Layla, Queen of Hearts

When I picked up Layla, Queen of Hearts, by Glenda Millard, I was unaware that it was a companion to an earlier novel (The Naming of Tishkin Silk) and that it was an Australian import. This ignorance didn’t affect my reading experience in the least. If anything, I was happier after learning it was Australian, because then I could re-read it and imagine charming Aussie accents for all of the adorable yet down-to-earth characters.

Layla’s best friend is Griffin Silk, although in reality his entire family could be considered her best friends. The family is large and strange and if this book were set in the 60’s, they would definitely be called hippies and their home would definitely be called a commune. Everything is hunky dory until Senior Citizen’s Day is announced at school. Layla’s grandparents are no longer around, and even though Griffin’s grandmother Nell would gladly be Layla’s senior citizen, too, Layla wants a person of her own to take. During her search, she is introduced to Miss Amelie, an old woman suffering from alzheimer’s disease. Layla and Miss Amelie form a bond against all odds, and in the end things work out as best as they possibly could.

This book is the perfect thing to read on a chilly fall afternoon and is just as sweet and mouthwatering as the recipe for golden dumplings that is included at the end of the book. It’s cozy without being cloying and the characters are ideal companions without being annoying. Although it deals with some fairly heavy themes such as alzheimer’s disease and death, it never feels heavy. The sketchy black and white illustrations are a good complement to the story.  A good read-alike for fans of Laurel Snyder’s Penny Dreadful.

Reviewed from a library copy.

tight times.

During the  course of my library work not too long ago, I came across a book illustrated by Trina Schart Hyman that was in a sad state of disrepair. Since I love Trina’s illustrations, I promptly looked to see if I could replace it, and, as is my wont, went on a spree of buying replacements for any other shabby titles by her, as well as buying any available titles that we didn’t currently own.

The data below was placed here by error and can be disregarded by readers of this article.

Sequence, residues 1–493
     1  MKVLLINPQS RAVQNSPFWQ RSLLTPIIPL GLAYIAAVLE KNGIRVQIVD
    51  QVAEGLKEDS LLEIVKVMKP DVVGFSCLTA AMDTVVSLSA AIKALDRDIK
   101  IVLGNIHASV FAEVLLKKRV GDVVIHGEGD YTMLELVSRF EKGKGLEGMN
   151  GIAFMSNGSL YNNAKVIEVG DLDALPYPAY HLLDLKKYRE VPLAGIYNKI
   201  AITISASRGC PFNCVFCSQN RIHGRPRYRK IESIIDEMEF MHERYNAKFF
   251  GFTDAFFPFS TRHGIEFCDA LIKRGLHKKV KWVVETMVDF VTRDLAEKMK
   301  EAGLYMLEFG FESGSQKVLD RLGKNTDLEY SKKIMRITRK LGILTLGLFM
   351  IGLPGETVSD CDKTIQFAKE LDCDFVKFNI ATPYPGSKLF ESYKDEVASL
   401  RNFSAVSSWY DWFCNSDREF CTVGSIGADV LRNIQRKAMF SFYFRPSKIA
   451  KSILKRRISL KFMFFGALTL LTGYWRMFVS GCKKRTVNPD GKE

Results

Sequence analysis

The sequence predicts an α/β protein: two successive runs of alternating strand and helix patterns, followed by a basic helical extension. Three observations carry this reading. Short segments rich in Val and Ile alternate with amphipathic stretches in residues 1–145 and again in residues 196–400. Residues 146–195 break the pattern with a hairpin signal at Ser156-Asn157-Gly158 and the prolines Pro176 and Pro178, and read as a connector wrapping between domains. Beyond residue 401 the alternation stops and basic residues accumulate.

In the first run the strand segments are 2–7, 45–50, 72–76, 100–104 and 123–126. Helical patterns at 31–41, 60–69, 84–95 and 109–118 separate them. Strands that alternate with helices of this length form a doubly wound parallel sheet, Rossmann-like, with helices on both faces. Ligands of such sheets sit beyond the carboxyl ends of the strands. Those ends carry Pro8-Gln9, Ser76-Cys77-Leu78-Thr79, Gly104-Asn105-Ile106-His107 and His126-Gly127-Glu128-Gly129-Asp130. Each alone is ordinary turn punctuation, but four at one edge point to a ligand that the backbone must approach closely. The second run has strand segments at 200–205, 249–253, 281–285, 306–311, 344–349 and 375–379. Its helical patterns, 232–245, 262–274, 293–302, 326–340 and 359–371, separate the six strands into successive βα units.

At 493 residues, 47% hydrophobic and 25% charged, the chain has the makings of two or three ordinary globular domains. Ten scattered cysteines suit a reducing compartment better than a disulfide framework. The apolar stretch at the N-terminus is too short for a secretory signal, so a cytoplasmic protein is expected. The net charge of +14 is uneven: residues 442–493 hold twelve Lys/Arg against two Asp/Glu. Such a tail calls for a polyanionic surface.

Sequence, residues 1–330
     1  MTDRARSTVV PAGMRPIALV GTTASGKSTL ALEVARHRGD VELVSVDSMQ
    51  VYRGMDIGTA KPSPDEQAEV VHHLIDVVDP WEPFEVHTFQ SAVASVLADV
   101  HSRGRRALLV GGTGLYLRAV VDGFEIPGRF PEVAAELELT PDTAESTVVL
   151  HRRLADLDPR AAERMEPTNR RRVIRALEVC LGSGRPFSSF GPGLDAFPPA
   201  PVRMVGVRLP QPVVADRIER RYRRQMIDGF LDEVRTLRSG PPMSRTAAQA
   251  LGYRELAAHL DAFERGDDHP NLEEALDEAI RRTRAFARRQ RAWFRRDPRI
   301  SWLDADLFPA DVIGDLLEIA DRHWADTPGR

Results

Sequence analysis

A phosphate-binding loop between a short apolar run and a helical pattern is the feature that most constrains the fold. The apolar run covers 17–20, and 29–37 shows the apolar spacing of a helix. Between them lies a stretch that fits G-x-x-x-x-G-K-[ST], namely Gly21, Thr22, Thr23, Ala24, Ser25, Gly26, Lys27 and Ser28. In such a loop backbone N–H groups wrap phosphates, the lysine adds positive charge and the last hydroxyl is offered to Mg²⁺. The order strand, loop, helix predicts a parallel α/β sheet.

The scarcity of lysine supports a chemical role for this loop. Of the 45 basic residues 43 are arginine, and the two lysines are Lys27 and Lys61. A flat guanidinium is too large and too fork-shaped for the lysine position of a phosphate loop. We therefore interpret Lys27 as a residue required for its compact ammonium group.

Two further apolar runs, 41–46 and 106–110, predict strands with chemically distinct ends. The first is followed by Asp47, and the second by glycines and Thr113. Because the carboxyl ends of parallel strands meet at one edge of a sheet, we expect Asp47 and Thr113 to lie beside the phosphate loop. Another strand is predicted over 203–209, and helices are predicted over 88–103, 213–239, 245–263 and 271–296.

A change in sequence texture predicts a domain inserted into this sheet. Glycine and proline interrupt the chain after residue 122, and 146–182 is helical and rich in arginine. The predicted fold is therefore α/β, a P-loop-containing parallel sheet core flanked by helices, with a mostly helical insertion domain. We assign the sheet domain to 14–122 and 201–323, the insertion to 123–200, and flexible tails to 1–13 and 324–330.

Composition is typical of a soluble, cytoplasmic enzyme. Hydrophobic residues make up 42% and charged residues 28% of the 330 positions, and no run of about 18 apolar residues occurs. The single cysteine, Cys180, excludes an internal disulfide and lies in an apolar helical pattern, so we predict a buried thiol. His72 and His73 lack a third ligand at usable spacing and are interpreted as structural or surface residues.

One of those arrived the other day–Tight Times, written by Barbara Shook Hazen. It was published originally in 1979, but the story of a little boy who can’t have a dog because his father just lost his job is suddenly, achingly relevant again for children today.

The writing is lovely and spare, and the pictures work beautifully with the text, such as when the young narrator tells us that after he got home from work, Daddy made them each special drinks, the picture shows us his covered in whipped cream, while Daddy’s is in an old fashioned glass.

I think that sometimes my ear and eye are so focused on picture books that I can use in storytime, I sometimes overlook books like this one. It’s a sad read with a realistically happy ending, so give it to your 1st-3rd graders who are clear-eyed realists, and it just might help them feel a bit better about Daddy losing his job.*

I suppose now I have to be on the look-out for books to help kids with Daddy’s possible future drinking problem.

*This book is also cited in may “how to write” books, and my coworker told me she found an instance of where it was used to teach the concept of inference, so it’s quite a versatile and concept rich little piece of work. All hail the concise power of a picture book!